2 Oct 2012

The OXO QRP transmitter

OXO schematic on the G3PTO website

One of the most simple and popular HF transmitters is the OXO, originally design by GM3OXX. The circuit appeared in the GQRP club's SPRAT magazine about 30 years ago. It is essentially a 2 transistor QRP transmitter (plus another for keying) capable of working as a fundamental crystal controlled or VXO controlled transmitter on an HF band. I used this design as the TX part of my Pipit 800mW transceiver for 15m and later the Tenner transceiver for 10m. On the higher bands there is more chance of a little chirp, but perfectly usable. On the lower HF bands the OXO is capable of over 1W. It is a very easy transmitter to build, is almost guaranteed to work first time, and is great fun to use.

As it is some time since I've built one, I might just knock one up this afternoon and see how I get on, perhaps on 80m or 40m CW.

4 comments:

Anonymous said...

Hello Roger

Classic QRP design and great fun to build and play with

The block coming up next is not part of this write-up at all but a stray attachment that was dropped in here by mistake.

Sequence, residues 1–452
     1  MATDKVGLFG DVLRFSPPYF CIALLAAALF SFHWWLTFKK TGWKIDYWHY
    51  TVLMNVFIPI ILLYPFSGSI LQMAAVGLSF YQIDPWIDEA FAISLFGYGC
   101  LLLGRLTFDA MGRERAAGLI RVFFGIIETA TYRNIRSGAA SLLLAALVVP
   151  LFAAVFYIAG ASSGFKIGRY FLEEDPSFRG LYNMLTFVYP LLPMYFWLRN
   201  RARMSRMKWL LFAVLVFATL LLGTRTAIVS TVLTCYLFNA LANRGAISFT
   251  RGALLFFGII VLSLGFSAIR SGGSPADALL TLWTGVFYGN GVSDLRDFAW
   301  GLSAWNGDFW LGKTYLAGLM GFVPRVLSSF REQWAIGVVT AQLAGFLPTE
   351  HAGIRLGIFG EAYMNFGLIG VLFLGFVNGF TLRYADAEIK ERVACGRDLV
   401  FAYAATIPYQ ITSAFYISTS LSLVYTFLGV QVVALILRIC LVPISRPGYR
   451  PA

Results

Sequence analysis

I have even built one to use as a Crystal tester. Can be used with a simple D.C and Regen RX. Built one in the late
1980' and it gave me the QRP bug

Kind Regards

Tony

Petr, OK1RP said...

Hi Roger,

this OXO is one of the famous rig I ever seen for me...
I built it at my 15yrs and we worked (together with my dady) all the globe.
On 40m we worked 100DXCC and the best DX for us in 80's was YV7QP > Margarita Isl. DX-pedition. We worked them in big pileup early morning using our OXO TX giving 700mW out.

GL 73 - Petr, OK1RP

mark w said...

Hi, I'm looking for a simple QRP that I can dial the output power back at will. In this design, would increasing the value of Q2's emitter resistor accomplish that? Say, instead of a 39 ohm resistor, we increase the value to 100 ohms? I'd heard the emitter resistor should only be 1/10th the value of the collector resistor, but I'm uncertain how L6 would behave ~7 MHz 40M?

Roger G3XBM said...

Yes increasing the emitter resistor of Q2 should reduce power. Don't use a pot as the rating is unlikely to be good enough. Maybe a switch to select the power you want? The OXO works well. I have used this design to 10m. You should get 1W, or more, maximum on 40m. You should work plenty.